- The Torre de Belém (the Tower of St. Vincent, in English) was originally built in the middle of the river Tejo. Modern day visitors can walk to the stronghold without risk of getting their feet wet, though: The riverbed has changed course since 1521. The view from the roof of the Torre de Belém is splendid. Like the Mosteiro dos Jéronimos (above), the Torre de Belém is included on UNESCO’s World Heritage Site list.
- Take the opportunity to visit the nearby Antiga Confeiteria de Belém. Opened in 1837, the shop has the local pastei de Belém on the menu – an egg tart pastry.
- Rua do Carmo. Offering a mixture of shops from well-known international brands and traditional Portuguese shops, this is where the locals go for downtown shopping.
- Sé de Lisboa is not only the oldest church in Lisbon, but also the city’s cathedral. The construction of the church started in 1147 – the very same year that King Afonso Henriques recaptured Lisbon from the Moors.
- Considered one of the world’s finest private art collections, the Museu Calouste Gulbenkian has a wide array of artefacts and paintings on display. The collections include works by painters such as Frans Hals, Ruisdael, Rubens and Rembrandt. Egyptian, Greco-Roman, and Eastern Islamic art is also on display – to name just a few. Originally, all of the museum’s 6,000 artefacts belonged to Calouste Gulbenkian – an Armenian oil millionaire with a passion for art.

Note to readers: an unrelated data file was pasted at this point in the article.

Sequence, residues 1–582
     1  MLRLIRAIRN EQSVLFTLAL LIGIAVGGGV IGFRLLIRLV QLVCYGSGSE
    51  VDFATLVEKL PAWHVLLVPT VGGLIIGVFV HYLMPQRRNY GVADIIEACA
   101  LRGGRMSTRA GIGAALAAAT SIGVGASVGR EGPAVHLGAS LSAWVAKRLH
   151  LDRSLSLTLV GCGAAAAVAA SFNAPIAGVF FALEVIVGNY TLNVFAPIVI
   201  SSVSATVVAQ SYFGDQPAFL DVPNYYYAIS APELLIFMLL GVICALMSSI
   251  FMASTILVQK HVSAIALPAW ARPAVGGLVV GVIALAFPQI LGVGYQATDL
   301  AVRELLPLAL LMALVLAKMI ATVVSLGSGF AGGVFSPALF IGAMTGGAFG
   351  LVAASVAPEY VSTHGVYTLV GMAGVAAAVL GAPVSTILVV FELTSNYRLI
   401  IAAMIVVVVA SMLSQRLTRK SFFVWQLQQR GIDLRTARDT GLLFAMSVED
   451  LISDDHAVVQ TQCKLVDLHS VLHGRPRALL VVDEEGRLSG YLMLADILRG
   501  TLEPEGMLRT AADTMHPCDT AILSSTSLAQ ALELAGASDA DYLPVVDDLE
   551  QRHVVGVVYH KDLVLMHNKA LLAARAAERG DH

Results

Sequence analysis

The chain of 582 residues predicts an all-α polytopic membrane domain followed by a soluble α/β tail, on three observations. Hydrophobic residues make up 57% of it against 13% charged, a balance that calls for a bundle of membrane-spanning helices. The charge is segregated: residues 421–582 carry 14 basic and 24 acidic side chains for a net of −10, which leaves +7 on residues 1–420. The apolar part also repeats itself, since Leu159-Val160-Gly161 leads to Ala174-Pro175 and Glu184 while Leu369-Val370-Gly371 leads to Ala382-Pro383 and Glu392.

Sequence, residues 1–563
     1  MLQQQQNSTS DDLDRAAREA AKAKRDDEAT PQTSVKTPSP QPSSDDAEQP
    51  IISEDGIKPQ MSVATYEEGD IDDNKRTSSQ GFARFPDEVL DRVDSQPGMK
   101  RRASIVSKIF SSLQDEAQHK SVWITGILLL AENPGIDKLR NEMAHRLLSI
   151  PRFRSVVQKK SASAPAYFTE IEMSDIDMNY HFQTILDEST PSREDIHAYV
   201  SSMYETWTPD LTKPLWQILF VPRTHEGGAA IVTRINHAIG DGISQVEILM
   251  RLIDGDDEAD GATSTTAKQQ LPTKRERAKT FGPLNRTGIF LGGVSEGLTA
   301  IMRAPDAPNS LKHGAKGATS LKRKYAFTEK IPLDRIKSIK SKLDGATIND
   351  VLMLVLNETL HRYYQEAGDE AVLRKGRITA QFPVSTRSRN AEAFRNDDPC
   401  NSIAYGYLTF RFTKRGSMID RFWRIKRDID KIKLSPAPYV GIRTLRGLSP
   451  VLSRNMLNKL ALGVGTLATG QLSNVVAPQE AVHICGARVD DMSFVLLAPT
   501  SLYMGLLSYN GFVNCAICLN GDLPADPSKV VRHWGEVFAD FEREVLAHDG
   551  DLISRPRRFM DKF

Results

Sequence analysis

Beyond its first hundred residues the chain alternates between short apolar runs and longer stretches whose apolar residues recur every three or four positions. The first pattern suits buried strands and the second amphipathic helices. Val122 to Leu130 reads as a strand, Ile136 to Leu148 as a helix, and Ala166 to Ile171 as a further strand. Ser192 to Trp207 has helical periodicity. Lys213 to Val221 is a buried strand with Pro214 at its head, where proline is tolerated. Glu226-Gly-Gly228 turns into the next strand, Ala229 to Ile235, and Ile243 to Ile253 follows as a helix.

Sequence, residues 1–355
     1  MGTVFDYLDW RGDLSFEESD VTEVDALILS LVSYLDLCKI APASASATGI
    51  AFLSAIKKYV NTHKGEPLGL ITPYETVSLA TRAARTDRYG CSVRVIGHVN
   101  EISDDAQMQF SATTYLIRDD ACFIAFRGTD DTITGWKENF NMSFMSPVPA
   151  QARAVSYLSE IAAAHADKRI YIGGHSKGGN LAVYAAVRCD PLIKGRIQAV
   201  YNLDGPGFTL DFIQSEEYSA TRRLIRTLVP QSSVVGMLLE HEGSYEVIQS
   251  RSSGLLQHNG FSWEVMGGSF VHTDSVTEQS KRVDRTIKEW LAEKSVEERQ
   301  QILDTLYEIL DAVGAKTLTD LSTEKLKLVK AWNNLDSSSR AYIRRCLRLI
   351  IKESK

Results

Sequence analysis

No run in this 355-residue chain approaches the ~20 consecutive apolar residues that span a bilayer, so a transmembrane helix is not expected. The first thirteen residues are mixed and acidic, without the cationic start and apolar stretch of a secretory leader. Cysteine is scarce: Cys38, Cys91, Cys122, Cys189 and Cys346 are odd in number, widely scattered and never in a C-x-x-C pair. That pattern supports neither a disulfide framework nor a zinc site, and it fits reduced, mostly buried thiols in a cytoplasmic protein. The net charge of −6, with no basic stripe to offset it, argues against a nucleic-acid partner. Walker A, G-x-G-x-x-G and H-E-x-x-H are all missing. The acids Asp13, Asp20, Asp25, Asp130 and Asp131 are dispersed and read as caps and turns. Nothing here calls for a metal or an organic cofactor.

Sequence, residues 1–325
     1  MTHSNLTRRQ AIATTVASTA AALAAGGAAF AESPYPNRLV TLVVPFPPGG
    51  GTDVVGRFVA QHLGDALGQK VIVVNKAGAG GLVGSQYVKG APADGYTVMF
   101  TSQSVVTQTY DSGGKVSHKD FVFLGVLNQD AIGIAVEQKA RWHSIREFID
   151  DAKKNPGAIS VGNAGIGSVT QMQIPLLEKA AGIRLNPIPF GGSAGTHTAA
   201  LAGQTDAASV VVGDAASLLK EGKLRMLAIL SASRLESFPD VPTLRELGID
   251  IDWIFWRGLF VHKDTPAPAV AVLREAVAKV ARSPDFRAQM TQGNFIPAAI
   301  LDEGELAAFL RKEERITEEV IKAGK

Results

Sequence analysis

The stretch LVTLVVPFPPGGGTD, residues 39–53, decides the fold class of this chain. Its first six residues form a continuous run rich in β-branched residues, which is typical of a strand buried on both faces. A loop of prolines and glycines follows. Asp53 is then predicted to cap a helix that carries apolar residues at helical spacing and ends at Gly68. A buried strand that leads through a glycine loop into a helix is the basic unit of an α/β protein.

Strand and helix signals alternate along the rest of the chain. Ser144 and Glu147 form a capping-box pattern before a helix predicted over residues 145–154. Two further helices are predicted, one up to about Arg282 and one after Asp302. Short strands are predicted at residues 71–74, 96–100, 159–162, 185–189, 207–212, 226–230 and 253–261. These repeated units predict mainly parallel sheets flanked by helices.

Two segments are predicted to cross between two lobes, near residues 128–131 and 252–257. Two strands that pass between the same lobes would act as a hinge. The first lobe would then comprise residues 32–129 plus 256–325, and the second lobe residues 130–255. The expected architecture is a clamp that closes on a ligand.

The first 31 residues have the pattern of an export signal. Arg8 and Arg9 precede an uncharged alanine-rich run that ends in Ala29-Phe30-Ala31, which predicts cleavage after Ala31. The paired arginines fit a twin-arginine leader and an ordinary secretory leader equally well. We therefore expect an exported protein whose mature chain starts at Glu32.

- The Castelo de São Jorge (the Castle of St. George) is a Moorish castle that overlooks Lisbon from the top of one of the city’s seven hills. One of Lisbon’s main historical sites, the current castle was built in the early 14th century. At that time, it was Portugal’s Royal Castle.
- Feel like getting active? There are many golf courses in the area surrounding the city. If you’re into more difficult trekking, Lisbon is in no shortage of beautiful (and sometimes hilly) footpaths.
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- Several shore excursions focus on the many sights (see above), which can be experienced by foot, by coach or in the comfort of a private car. The focus of these excursions can differ: Some will focus more on the city’s history; others will look closer at the local culture (including the folk music, Fado).
- In Batalha, 89 miles/143 kilometers north of Lisbon, you can take in the 14th-century Gothic church of Santa Maria da Victoria. By coach, you will reach Batalha in approximately 90 minutes.
- Lisbon from the water: some excursions will feature a ferry ride on the river Tagus.
- Óbidos, north of Lisbon, is a town with picturesque streets and a history that goes back to 308 B.C. Distance from Lisbon: 55 miles/89 kilometres.
Portugal’s capital lies more or less in the center of Portugal, approximately 186 miles/300 kilometers from the Algarve coast in the south and 248 miles/400 kilometers from the northern border with Spain. The distance to Portugal’s second largest city, Porto, is some 198 miles/320 kilometers.